With inflation now firmly in the headlines (and in our lives), a look back at the last experience with this menace may offer needed perspective. Of course, history never repeats exactly, and there is no claim here that it will. Nonetheless, a look back will provide ammunition to counter much of the nonsense appearing in the media these days and, I trust, identify what is important.
The historic Arab oil embargo of 1973 dominates most references to the last great inflation. No doubt oil played a role, but there were problems long before the embargo. Inflation began to build in the second half of the 1960s. By 1966, after years of barely any inflation, consumer prices were rising at a 3.5 percent annual rate and then, feeding on themselves, spiraled by 1969 to 6.0 percent. (As of this writing, the annual inflation rate is running at 7 percent.)
This initial price pressure had two clear roots. One was the strain President Lyndon Johnson placed on the federal budget and on the economy by simultaneously pursuing the war in Vietnam and a domestic War on Poverty; second was the willingness of the Federal Reserve (Fed) to accommodate the government’s credit needs by creating an enormous flow of new money. The broad measure of the nation’s money supply rose at what –– for those years in the Sixties –– was an average and rapid 8.0 percent a year.
When President Nixon took office in 1969, he continued to spend freely, even though the war in Vietnam was winding down. Nixon added a special inflationary factor to the mix: On August 15, 1971, he ended the dollar’s convertibility to gold, a move that destroyed the fixed international exchange rate system that had prevailed for decades. The dollar subsequently fell on global exchange markets, which added directly to American living costs by raising the prices of imports. More fundamentally, the break with gold removed any restraint on the Fed’s ability to create new money. Between 1971 and 1973, average growth in the country’s money supply soared at rates approaching 12 percent a year. Along with federal spending, abandoning the link to gold made buying easier, which added to the inflationary trend, quickly hiking the rate of increase in prices back toward the 1969 highs (following a brief slowdown during a mild recession in 1971).
Oil entered the picture in 1973. By then the members of the Organization of Petroleum Exporting Countries (OPEC) had begun to chafe over how the American inflation was eroding the real value of their product. While other dollar prices were rising, oil, set by American interests, had held at a relatively steady $25.00 a barrel. That year, OPEC took control of pricing by imposing an embargo on oil sales and then it quadrupled oil prices.
The Fed responded by pouring still more money into the economy. The broad money supply jumped 14 percent in 1974. The Fed had intended this flow to ease the economic strains of high oil prices, but the added money mostly extended, and enlarged, the immediate inflationary impact of the one-time jump in oil prices. By early 1975, inflation was running at over 11 percent a year.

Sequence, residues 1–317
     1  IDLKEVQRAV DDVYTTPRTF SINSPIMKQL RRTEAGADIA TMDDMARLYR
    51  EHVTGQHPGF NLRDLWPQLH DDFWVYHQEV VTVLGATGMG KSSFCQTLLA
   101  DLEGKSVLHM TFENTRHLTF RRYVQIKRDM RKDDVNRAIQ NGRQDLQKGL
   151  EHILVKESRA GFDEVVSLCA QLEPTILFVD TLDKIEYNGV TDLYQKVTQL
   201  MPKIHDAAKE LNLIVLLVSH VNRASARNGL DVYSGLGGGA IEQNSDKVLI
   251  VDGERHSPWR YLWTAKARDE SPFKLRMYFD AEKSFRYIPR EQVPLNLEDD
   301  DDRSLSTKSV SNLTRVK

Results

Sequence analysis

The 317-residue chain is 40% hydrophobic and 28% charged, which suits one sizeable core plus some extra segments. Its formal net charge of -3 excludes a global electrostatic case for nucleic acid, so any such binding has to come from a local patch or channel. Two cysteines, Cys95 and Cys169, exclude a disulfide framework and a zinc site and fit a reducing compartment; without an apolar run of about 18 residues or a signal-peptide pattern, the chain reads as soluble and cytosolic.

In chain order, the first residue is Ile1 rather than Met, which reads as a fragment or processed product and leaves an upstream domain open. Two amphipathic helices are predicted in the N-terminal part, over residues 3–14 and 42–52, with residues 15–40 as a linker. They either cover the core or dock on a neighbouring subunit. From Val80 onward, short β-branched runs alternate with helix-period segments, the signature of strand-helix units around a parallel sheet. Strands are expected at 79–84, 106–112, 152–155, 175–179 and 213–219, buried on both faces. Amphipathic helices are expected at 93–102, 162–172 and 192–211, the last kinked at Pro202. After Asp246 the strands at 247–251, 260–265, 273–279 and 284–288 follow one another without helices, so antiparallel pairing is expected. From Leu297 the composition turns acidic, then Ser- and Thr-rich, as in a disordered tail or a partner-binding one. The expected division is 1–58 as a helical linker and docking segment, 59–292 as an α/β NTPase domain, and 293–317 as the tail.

And by 1979, consumer price inflation neared 14 percent a year, and its economic harm had become widespread. By mangling notions of value, inflation had destroyed wealth and distorted incentives, retarding the capital spending that would otherwise have fostered economic growth. Bond and stock prices had crashed, with the S&P 500 stock price index falling some 20 percent from 1976 to the end of the decade, and 10-year treasury bond prices falling some 30 percent. Because the Fed was accommodating inflation, the widespread expectation was that it would continue to do so: workers made wage demands on the expectation of rapid increases in their cost of living, and managements granted them on the expectation they could easily raise prices to more than offset their increase labor cost. This so-called wage-price spiral gave inflation a life of its own, even as workers fell further behind in the real value of their earnings. The suffering was widespread.
The end to this inflation came when a new Fed chairman, Paul Volcker, refused to go along with the inflation (as the Fed had previously done): He cut the rate of money growth. Without a ready source of Fed-provided liquidity, interest rates spiked skyward. Yields on 10-year treasury bonds briefly hit 16 percent, and short-term interest rates touched 21 percent. These responses were painful, but by finally ending the inflation-fueling flood of liquidity, allowing the Volcker Fed to break the inflationary spiral. By 1983, after years in which mistaken policy had fueled inflation, the rate for consumer prices had fallen below 3 percent a year.
Though much about today’s picture looks different, much also resembles that historic bout of inflation. Washington is today spending even more aggressively than it did 40-50 years ago. Similarly, the Fed has pursued an expansive monetary policy. Though policy-makers recently promised a more restrictive monetary posture, their announced plans suggest only the most gradual of moves. The U.S. economy may get lucky, but the picture looks disturbingly like it did the last time.